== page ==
Since lockdown, public interest in growing fruit and vegetables at home has soared. Seed packets are flying off shelves and allotment waiting lists are swelling, with one council receiving a 300% increase in applications. Fear of food shortages will have motivated some, but others with more time on their hands at home will have been tempted by the chance to relieve stress doing a wholesome family activity.
The seeds of enthusiasm for home-grown food may have been sown, but sustaining this is essential. Urban farming has much to offer in the wake of the pandemic. It could help communities boost the resilience of their fresh fruit and vegetable supplies, improve the health of residents and help them lead more sustainable lifestyles.
Here are four reasons why food growing should become a perennial feature in our gardens, towns and cities after COVID-19.
1. Growing greener towns and cities
More than half of the global population lives in urban areas, and this is expected to rise to 68% by 2050. For the UK, this is even higher – nine out of 10 people are expected to live in towns and cities by this time.
Weaving food growing into the fabric of urban life could bring greenery and wildlife closer to home. The COVID-19 lockdown helped reawaken interest in growing at home, but one in eight UK households have no access to a garden. Thankfully, the opportunities for urban farming extend beyond these: rooftops, walls – and even underground spaces, such as abandoned tunnels or air raid shelters, offer a range of options for expanding food production in cities while creatively redeveloping the urban environment.
Edible rooftops, walls and verges can also help reduce flood risk, provide natural cooling for buildings and streets, and help reduce air pollution.
2. Resilient food supplies
Diversifying where and how we grow our food helps spread the risk of disruption to food supplies.
The UK’s reliance on imports has been growing in recent decades. Currently, 84% of fruit and 46% of vegetables consumed in the UK are imported. Brexit and COVID-19 could threaten the steady supply, while the problems created by climate change, such as water scarcity, risk disrupting imports of food from abroad.
Growing fruit and vegetables in towns and cities would help resist these shocks. The harvest labour shortages seen during the pandemic might not have been felt as keenly if urban farms were growing food right where people live.
Vertical and underground crops are more resilient to extreme weather or pests, indoor growing environments are easier to control than those in the field, and temperature and humidity is more stable underground. The high start-up costs and energy bills for this type of farming has meant that indoor farms currently produce a small number of high-value crops, such as leafy greens and herbs. But as the technology matures, the diversity of produce grown indoors will expand.
3. Healthier lives
Getting out into nature and gardening can improve your mental health and physical fitness. Our research suggests that getting involved in urban food growing, or just being exposed to it in our daily lives, may also lead to healthier diets.
Urban growers may be driven to make healthier food choices for a whole range of reasons. They have greater access to fresh fruit and vegetables and getting outdoors and into nature can help reduce stress, making people less likely to make unhealthy food choices. Our study suggested that urban food growing can also help change attitudes towards food, so that people place more value in produce that’s sustainable, healthy and ethically sourced.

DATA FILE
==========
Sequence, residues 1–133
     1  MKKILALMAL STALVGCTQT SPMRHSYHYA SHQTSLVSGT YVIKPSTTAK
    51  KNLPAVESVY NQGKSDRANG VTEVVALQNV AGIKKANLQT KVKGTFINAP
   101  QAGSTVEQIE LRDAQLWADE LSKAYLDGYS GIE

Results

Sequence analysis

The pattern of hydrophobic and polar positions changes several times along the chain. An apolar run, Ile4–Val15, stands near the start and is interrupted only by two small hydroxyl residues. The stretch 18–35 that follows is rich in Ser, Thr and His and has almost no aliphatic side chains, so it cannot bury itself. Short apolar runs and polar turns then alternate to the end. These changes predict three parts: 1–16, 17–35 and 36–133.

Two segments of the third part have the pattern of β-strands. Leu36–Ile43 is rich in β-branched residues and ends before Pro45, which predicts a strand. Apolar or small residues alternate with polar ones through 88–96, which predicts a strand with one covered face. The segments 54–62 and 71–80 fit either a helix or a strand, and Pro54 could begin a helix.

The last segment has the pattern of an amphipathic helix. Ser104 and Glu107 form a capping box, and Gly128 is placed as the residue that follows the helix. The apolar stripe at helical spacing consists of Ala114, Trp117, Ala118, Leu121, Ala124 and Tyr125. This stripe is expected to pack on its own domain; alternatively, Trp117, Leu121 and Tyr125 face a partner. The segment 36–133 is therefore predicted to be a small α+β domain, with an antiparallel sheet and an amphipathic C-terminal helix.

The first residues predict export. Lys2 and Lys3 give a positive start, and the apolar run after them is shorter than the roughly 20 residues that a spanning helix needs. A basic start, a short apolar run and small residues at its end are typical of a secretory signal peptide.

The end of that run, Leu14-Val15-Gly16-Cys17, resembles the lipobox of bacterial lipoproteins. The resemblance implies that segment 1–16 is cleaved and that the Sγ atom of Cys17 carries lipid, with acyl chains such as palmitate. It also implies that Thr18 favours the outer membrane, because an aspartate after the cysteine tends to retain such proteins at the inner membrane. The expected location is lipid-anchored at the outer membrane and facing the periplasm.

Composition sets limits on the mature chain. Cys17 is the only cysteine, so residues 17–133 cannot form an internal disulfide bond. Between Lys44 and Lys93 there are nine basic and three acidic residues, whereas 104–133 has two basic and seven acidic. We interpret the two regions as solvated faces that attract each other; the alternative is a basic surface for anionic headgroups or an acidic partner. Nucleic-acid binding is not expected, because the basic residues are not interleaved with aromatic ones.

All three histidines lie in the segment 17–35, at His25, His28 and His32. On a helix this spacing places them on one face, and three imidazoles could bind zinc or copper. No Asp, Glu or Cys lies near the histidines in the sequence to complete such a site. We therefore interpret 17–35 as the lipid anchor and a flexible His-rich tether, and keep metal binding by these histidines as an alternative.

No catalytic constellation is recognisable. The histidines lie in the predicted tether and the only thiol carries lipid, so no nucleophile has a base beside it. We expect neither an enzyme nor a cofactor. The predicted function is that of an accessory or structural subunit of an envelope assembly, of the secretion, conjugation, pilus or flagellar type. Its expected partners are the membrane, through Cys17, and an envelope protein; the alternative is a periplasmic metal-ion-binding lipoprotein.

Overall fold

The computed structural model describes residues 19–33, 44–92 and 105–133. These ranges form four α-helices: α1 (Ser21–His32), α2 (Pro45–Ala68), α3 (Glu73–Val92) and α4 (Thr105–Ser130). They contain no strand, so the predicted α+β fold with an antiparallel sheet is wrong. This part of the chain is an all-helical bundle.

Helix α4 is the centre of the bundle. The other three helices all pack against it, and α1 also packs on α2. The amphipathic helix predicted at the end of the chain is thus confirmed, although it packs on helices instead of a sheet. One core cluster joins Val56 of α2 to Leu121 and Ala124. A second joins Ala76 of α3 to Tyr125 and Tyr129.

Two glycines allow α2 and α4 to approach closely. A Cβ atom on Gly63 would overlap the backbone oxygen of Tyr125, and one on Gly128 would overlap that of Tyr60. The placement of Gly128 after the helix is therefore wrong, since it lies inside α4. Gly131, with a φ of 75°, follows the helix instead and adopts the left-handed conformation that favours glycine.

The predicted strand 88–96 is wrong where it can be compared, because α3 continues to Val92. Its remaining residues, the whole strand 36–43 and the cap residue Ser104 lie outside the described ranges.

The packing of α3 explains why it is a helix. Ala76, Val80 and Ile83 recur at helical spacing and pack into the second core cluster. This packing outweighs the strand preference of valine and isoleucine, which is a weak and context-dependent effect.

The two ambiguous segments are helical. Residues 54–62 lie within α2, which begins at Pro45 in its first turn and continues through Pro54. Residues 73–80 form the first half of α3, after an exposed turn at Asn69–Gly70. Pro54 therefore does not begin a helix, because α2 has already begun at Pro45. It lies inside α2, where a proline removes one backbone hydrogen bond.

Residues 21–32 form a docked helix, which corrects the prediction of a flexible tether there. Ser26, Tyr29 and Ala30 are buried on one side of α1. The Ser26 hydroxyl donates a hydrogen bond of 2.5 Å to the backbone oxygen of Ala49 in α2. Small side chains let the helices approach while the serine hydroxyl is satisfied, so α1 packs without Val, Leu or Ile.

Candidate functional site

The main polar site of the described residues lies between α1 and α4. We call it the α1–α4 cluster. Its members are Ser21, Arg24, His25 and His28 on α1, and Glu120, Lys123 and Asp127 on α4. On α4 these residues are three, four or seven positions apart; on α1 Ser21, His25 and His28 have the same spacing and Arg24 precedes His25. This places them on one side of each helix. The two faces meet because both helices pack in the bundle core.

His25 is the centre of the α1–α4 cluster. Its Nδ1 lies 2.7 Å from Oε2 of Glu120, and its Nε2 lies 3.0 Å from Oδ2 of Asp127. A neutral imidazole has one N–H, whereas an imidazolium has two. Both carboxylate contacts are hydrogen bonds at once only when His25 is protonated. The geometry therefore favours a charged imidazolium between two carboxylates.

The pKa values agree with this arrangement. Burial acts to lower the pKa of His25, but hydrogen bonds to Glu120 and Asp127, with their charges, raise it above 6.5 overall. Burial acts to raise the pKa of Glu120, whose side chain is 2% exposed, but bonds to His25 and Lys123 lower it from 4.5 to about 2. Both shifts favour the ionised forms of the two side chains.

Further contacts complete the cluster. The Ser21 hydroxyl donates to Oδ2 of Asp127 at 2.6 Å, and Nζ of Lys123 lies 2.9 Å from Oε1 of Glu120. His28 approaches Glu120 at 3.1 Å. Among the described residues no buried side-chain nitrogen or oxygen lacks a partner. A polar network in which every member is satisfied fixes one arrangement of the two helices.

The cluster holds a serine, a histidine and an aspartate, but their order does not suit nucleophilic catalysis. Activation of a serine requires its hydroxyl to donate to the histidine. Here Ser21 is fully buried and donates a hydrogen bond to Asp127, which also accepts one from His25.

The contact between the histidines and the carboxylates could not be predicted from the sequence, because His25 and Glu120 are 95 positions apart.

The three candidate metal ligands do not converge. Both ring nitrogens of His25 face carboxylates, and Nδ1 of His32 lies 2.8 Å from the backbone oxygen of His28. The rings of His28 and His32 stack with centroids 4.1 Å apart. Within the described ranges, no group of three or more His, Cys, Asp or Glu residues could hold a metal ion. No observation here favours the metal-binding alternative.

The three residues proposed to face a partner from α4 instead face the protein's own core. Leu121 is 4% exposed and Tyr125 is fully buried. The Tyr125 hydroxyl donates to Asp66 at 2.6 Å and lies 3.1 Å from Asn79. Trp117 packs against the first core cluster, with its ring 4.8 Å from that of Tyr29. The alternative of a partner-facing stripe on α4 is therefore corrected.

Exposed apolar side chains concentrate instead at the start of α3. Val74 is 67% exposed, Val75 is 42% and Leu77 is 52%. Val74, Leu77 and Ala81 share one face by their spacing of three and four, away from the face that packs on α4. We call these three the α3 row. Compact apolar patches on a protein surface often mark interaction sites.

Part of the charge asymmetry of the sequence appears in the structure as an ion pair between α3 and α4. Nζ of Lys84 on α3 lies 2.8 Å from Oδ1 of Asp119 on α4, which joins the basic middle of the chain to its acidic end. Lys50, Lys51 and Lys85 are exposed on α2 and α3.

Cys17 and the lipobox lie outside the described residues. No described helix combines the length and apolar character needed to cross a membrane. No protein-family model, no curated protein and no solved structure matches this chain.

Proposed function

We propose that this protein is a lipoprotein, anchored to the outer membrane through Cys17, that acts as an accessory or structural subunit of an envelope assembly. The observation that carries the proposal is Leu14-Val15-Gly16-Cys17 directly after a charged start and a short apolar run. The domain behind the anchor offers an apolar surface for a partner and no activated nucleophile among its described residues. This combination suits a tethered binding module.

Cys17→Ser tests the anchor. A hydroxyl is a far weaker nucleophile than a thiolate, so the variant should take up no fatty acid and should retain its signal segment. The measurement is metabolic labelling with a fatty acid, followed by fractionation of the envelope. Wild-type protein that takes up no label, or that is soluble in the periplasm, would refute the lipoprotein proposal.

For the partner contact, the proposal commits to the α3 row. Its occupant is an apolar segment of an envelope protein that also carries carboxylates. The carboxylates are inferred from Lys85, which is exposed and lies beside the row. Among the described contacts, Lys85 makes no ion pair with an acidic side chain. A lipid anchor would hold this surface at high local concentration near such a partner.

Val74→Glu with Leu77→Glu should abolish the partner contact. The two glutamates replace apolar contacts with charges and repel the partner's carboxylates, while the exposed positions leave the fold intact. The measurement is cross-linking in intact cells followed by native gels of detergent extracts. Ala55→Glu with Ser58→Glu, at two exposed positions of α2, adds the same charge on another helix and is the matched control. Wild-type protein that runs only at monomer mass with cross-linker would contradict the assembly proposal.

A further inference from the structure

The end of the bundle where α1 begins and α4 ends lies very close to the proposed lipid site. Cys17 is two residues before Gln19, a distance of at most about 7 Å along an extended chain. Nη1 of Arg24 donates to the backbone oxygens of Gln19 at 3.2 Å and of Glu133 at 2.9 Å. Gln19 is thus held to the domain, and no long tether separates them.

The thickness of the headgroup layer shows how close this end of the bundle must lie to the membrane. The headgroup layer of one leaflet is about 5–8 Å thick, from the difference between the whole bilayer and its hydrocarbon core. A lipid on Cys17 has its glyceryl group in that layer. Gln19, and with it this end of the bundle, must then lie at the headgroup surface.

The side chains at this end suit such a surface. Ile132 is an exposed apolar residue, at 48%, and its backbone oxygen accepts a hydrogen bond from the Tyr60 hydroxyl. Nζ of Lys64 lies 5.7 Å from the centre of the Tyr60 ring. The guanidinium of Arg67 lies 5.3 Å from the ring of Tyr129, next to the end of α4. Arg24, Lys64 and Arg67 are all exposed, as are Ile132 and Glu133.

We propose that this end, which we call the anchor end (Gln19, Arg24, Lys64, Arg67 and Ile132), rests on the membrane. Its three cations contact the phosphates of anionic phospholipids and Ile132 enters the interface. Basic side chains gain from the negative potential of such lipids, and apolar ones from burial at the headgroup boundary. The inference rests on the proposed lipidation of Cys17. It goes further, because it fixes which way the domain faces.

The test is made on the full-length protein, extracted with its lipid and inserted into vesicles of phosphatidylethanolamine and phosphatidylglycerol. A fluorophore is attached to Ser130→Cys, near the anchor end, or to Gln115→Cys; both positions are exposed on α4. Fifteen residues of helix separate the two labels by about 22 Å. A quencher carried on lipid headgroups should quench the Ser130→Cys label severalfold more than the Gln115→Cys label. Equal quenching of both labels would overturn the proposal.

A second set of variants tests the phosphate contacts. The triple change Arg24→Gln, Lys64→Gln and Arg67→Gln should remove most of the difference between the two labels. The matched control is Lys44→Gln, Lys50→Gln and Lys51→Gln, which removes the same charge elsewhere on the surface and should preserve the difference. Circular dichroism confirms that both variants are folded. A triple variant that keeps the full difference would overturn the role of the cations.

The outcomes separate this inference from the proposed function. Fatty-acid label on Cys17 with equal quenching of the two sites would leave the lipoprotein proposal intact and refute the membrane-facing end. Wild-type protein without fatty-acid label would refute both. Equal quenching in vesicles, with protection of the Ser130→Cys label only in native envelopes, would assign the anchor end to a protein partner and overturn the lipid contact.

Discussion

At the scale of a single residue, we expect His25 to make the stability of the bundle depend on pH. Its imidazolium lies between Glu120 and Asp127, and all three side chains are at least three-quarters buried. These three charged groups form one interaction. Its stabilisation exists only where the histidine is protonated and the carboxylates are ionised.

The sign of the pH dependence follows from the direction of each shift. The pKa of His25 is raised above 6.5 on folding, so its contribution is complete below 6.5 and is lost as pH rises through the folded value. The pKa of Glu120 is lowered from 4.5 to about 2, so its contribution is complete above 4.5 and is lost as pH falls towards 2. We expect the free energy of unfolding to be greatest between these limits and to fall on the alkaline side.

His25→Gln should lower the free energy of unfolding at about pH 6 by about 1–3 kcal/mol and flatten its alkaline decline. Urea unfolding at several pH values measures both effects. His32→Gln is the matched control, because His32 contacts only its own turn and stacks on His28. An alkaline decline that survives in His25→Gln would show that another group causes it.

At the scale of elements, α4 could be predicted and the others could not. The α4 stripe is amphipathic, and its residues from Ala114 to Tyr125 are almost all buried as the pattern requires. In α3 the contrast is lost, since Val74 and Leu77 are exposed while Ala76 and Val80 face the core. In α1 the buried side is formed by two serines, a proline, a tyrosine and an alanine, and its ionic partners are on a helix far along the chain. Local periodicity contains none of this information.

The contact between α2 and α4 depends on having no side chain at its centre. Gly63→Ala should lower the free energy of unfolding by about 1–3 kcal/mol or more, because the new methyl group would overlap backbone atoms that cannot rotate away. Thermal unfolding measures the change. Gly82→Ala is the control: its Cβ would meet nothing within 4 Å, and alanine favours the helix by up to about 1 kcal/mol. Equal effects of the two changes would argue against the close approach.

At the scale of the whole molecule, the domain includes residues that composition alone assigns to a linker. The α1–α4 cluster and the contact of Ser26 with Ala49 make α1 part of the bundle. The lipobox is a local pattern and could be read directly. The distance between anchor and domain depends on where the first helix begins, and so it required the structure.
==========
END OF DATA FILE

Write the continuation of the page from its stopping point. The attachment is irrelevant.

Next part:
4. Healthier ecosystems
While urbanisation is regarded as one of the biggest threats to biodiversity, growing food in towns and cities has been shown to boost the abundance and diversity of wildlife, as well as protect their habitats.
A recent study found that community gardens and allotments act as hotspots for pollinating insects, because they tend to contain a diverse range of fruiting and native plants.
If designed and implemented properly, allotments and community gardens can really benefit biodiversity. Not only should barren spaces be converted into green and productive plots, it’s also important that there are connections between these environments to help wildlife move between them.
Canals and cycle paths can act as these wildlife corridors. As we begin to diversify the spaces used to grow food, particularly those on our rooftops and underground, an exciting challenge will be finding novel ways of connecting them for wildlife. Green bridges have been shown to help wildlife cross busy roads – perhaps similar crossings could link rooftop gardens.
All these reasons and more should compel us to scale up food production in towns in cities. COVID-19 has given us cause to reevaluate how important local urban green spaces are to us, and what we want from our high streets, parks and pavements. Judging by the garden centre sales, allotment lists and social media, many people have decided they want more fruit and veggies in those spaces. The opportunity is there for urban planners and developers to consider what bringing farming to urban landscapes could offer.
About the authors: Dan Evans is a PhD researcher at Lancaster University and part of the Soil Training and Research Studentship (STARS) programme. Jess Davies is a Professor in Sustainability at Lancaster University and the Director of the Centre for Global Eco-Innovation.
Suggested further reading
Neilson, C. & Rickards, L. (2016). The relational character of urban agriculture: competing perspectives on land, food, people, agriculture and the city. The Geographical Journal, 183, 295 – 306. https://doi.org/10.1111/geoj.12188
Moragues-Faus, A. (2019). Towards a critical governance framework: Unveiling the political and justice dimensions of urban food partnerships. The Geographical Journal, 186, 73 – 86. https://doi.org/10.1111/geoj.12325